As the game developers have clamored for more power, they have gotten it almost exponentially from Sony and Microsoft. Optimization is the clearest measure of whether these developers are utilizing that power. However, full optimization of a console and all it has to offer, especially power, takes considerable time, and that means several years. Those years certainly have not passed on the current cycle for Sony or Microsoft, yet there seems to be a consensus effort to move on already. If games have not yet been optimized (not even close), then the current push for more power is not necessary, after all.

Console manufacturers have pushed the idea that power increase is the major key to advancing to a new generation. However, pushing for more power simply bottlenecks progress into one set parameter, thus oversimplifying what progress is/should be. So, as Sony and Microsoft are trying to out-power each other, who is left to truly advance what it means to play video games? Nintendo is, of course!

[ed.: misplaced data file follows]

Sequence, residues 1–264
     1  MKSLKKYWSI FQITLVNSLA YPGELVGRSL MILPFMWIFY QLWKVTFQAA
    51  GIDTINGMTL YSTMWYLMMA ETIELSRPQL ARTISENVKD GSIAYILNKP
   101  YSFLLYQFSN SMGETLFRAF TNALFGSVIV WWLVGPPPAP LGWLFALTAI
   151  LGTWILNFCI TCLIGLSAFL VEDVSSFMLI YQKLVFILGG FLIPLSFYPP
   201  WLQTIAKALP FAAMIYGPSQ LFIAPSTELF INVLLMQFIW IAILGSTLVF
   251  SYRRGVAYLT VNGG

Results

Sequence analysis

Now, for these gamers, many of whom have bought into the argument given by the above-mentioned developers, believe that power is the meaning of moving gaming to the next level, and that’s not entirely true. The argument has been posed by several people who believe that Nintendo is “doing it again with an ‘under-powered’ console” in the Nintendo Switch. The problem with that sentiment is the question, “under-powered according to whom?” Do you mean “under-powered” compared to the PS4 (Pro) or XBox One (“Scorpio”)? Those systems are not being optimized as is, so is the amount of “power” in them even necessary currently? The developers bringing games to those systems are having far too much difficulty taking meaningful advantage of either of those systems for me to take their word as gospel, at this point. I am not saying there aren’t any good games there, but the amount of “power” they feel is lacking but necessary in the Nintendo Switch (which, by the way, because of different architecture, cannot be viewed through the same lens as the other two console for comparison to determine viability) is truly a fallacy, in my view. How do they knowgslm319v-f1p6vj9_u9lhmddmtflprzs they can’t do something that they have not tried, honestly? So, for gamers to react simply based on the bias of a few ill-informed developers, is a disservice to them as gamers. But beyond getting their ideas from developers, there are yet other gamers who look to seize upon the opportunity to express their displeasure with Nintendo’s newest console solely based on their own dislike of the company. No matter what they do, it’s always wrong. The thing is, if the Nintendo Switch just does not appeal to you, there is a simpler solution to that issue than the one that many are choosing to employ…just don’t buy it! There is no reason for you as an independent-thinking individual to spend your (I assume) hard-earned money on a console that just does not appeal to you. If you are, in actuality, not really a fan of Nintendo games, it is completely not necessary for you to purchase a Nintendo Switch, at launch, or any other time. Thing is, it’s also equally unnecessary to rail against the console for what you perceive to be slights, when you were not even getting the system in the first place.